Very mixed feelings about this car. On the one hand, it’s hard not to really like something this pretty – it’s a convincing Infiniti G37 knockoff – and this quick. And believe me, it is quick. The six-speed manual transmission is well worth the $2330, as it wakes up the ol’ VQ and turns a well-mannered family car into a snorting, rorting beast capable of some very impressive second-gear pulls. There’s more cause for celebration inside, where, despite some tacky faux leather and brushed aluminum trim, this Altima SR is far more mature than its predecessors. The small color screen on the non-navigation-equipped stereo unit is also a nice touch.
On the other hand, this Altima is noisy, unrefined, and still handles like an overpowered front-wheel-drive family car. That’s despite the fact that its suspension is tuned so firm that it rattles interior panels over potholes. And though $30,320 is a good deal cheaper than the real-deal G37, it’s quite a bit more expensive than similarly equipped, V-6 versions of the Chevrolet Camaro, Ford Mustang, and Hyundai Genesis.
David Zenlea, Assistant Editor
I also have mixed feelings about this car. I’m less enthralled with the exterior – the Altima front end does nothing for me – but it strikes a nice profile. The big pluses for me are the gorgeous interior, the excellent Bose stereo, and the 270 horses.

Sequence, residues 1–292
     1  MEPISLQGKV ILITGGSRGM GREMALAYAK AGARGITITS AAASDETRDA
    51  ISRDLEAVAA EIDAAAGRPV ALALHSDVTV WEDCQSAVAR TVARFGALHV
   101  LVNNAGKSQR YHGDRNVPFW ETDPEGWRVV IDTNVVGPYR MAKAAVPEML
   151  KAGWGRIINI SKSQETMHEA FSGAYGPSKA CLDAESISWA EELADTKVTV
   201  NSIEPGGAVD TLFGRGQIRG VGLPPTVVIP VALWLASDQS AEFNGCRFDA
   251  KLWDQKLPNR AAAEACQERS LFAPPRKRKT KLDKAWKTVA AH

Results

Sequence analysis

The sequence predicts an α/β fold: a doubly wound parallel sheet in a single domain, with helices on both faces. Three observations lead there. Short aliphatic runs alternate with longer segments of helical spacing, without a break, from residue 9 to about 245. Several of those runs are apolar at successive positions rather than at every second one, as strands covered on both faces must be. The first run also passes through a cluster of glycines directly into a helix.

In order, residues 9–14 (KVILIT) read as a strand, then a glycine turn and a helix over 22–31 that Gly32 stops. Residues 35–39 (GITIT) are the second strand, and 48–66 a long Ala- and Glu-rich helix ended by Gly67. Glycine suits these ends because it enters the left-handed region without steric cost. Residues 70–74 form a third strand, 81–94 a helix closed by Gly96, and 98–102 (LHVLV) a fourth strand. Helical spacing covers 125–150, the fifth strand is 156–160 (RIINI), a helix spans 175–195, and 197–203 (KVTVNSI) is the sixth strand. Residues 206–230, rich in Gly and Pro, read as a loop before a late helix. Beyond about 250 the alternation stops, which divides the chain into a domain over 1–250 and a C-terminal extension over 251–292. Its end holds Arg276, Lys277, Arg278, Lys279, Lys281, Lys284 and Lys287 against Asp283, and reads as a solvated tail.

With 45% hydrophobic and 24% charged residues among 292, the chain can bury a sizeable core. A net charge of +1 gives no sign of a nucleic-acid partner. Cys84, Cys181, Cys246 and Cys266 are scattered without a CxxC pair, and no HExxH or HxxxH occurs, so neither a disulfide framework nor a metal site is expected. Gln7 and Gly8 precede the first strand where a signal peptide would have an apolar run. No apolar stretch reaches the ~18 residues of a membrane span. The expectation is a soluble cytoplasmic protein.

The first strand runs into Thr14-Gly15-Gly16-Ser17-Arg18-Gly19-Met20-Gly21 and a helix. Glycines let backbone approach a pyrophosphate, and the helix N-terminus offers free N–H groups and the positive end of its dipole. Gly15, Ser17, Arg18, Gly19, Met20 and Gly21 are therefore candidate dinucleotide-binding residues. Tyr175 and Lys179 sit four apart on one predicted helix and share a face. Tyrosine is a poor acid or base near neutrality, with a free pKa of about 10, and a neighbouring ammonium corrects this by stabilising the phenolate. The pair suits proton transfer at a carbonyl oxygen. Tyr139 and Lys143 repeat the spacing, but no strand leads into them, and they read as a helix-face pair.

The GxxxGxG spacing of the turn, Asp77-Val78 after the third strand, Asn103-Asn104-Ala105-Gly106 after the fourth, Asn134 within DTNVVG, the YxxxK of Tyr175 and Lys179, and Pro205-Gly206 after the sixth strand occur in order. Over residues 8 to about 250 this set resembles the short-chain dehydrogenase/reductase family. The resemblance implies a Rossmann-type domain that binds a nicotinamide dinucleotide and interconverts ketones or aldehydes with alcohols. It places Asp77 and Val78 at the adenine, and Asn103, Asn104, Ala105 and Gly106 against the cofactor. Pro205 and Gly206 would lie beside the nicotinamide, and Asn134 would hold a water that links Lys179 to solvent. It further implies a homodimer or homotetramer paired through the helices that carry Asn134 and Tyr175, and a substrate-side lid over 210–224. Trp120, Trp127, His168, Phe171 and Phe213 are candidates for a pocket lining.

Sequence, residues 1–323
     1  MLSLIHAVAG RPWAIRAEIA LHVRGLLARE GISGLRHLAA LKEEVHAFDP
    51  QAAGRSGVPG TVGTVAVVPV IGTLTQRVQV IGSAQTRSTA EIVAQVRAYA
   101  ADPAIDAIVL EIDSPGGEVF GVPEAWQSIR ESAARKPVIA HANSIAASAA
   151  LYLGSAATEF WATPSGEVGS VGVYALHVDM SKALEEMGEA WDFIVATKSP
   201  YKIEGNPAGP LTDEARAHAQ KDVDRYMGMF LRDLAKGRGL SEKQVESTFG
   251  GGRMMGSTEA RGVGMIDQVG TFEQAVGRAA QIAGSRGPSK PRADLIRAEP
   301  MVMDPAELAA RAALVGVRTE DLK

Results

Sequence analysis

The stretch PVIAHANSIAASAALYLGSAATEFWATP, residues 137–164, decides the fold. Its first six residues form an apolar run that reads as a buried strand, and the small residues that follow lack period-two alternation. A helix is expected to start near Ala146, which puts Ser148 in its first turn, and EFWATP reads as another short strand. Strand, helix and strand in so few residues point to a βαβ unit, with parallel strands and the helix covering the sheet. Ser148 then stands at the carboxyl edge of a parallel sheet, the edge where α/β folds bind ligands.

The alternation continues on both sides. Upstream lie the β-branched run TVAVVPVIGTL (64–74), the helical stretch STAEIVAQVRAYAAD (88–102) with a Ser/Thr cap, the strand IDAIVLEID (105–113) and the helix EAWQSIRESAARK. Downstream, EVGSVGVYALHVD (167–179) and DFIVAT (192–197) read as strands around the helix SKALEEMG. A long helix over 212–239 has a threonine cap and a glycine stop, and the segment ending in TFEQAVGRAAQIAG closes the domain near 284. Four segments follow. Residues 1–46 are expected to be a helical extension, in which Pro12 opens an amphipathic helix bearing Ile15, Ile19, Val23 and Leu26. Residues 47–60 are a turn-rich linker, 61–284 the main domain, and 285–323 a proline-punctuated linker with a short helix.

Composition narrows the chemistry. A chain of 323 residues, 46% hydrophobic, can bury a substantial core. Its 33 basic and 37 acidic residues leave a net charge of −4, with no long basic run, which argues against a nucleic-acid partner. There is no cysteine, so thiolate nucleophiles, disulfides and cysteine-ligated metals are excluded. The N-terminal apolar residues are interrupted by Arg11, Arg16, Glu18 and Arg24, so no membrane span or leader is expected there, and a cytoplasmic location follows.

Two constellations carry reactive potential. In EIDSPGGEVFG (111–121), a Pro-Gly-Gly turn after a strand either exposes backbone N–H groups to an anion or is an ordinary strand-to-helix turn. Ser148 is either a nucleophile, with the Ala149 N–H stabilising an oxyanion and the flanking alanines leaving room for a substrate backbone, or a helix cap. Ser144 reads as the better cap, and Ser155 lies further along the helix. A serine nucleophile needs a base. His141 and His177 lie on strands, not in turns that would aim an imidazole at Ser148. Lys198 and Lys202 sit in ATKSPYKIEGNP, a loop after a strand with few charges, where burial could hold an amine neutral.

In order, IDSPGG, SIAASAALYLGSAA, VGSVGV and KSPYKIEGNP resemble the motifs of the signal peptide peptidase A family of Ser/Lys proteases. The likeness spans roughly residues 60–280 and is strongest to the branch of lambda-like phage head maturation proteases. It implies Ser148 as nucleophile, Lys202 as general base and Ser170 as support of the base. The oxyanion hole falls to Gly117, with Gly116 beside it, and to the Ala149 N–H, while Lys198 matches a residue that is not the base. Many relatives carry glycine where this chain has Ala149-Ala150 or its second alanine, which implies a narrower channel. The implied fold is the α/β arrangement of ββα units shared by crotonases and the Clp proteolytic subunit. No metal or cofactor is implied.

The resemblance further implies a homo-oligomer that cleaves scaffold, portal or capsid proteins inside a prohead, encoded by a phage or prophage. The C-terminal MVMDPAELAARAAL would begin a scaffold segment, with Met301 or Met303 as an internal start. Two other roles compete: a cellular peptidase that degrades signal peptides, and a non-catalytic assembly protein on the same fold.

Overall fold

I don’t know how this car measures with a stopwatch, but it FEELS plenty fast. The engine with the 6-speed stick is a great combination, but it’s a crime to have to pay more than two grand for the pleasure. The car does well from a stoplight and even better at highway speeds where there is ample power for merging and passing effortlessly.
The ride didn’t bother me at all. IT was firm, but I didn’t find it punishing.
The interior is nicely styled and the finishes are 99% gorgeous. The strange, not-quite faux brushed metal compartment in the center tower is the one sore spot. The rest of this interior absolutely blows away anything coming from Toyota. The door panels and trim, the top of the dash, all very nice to the eye and to the touch.
The stereo and climate controls are attractive and very clear and easy to use. I do think the volume control on the wheel should switch spots with the skip/back control.
The red leather seats better on the eyes than the back. They are not supportive enough, especially in the lumbar area. This alone would keep me from buying the car – it’s that bothersome to me.
I’d also agree that at the $30,000 mark, there are nicer cars for the same money, and comparable ones for much less.
Matt Tierney, Art Director